Tanner, C. K. (2013). Dr. Tanner conducted his research about new learning environments being built and took into consideration numerous variables. For example, school systems consider the instructional needs of the students they serve, enrollment, and whether to replace or remodel an old building. The concept of “going green” encourages school system planners to consider the natural surroundings and built environment that surrounds the school, thereby allowing the school's architecture to match its surroundings. This notion has sparked an interest in sustainable design, which may best be explained as minimizing the harmful effects of the building on the environment. It further extends to the theory of biophilia or a natural attraction to living systems. Sustainability and the biophilia premise go far beyond just following new codes for construction and materials related to Leadership in Energy and Environmental Design certification. They link directly to aesthetics.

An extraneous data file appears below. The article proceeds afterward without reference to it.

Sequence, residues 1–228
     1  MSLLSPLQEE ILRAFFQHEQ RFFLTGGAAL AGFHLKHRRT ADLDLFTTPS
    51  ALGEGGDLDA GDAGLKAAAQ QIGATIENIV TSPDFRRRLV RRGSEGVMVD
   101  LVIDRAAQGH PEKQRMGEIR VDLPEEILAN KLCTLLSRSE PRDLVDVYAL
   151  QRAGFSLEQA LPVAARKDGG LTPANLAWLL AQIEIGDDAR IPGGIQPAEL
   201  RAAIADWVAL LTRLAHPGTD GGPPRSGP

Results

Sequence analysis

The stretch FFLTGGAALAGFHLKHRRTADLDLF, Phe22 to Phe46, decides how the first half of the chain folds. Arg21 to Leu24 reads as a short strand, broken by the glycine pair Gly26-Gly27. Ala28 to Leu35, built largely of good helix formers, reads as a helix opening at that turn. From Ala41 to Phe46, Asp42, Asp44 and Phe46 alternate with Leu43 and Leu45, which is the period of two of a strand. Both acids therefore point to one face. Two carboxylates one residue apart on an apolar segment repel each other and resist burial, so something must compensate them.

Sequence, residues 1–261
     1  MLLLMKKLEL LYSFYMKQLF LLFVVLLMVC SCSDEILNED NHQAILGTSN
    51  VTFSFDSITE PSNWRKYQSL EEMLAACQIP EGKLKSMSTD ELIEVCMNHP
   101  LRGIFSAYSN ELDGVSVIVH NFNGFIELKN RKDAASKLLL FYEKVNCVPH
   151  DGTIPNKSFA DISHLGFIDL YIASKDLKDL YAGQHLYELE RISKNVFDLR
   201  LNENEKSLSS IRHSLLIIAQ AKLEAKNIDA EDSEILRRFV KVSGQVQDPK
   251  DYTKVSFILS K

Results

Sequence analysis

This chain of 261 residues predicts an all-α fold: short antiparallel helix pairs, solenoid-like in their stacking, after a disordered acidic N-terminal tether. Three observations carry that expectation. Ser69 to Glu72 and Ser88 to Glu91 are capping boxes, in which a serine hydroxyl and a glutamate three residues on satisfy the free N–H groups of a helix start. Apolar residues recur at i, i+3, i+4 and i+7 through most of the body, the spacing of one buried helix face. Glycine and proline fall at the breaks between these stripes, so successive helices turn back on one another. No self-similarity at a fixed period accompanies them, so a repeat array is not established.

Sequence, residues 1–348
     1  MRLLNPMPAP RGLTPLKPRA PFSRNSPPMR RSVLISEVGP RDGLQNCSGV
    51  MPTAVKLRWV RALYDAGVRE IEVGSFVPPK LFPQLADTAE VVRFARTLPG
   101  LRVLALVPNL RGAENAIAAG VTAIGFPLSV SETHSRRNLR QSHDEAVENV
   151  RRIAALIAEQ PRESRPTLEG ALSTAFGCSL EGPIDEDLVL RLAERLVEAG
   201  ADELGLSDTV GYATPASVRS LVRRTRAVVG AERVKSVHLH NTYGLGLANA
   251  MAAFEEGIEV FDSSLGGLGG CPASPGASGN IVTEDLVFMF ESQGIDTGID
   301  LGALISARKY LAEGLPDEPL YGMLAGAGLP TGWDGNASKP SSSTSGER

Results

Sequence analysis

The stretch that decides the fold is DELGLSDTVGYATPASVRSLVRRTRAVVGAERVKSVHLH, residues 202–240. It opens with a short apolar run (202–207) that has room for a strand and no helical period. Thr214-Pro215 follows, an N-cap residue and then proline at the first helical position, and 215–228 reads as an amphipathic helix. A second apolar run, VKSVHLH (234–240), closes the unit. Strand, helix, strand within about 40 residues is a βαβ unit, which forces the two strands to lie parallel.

C. Kenneth Tanner, Professor of Career and Information Studies, University of Georgia, Athens, is a graduate of Florida State University. He teaches graduate courses in educational planning, policy, and organizational studies. His research chain takes into consideration how the physical environment influences behavior and productivity. Most recently, he is working on comparing student productivity in "green" schools, and is consultant to both public and private schools that are planning educational facilities. Dr. Tanner has published and presented over 150 articles, book chapters, and academic papers. He is the primary author of four textbooks and his most recent book on educational facilities planning and design is among the best selling works in the areas of academic and applied studies of school facility planning.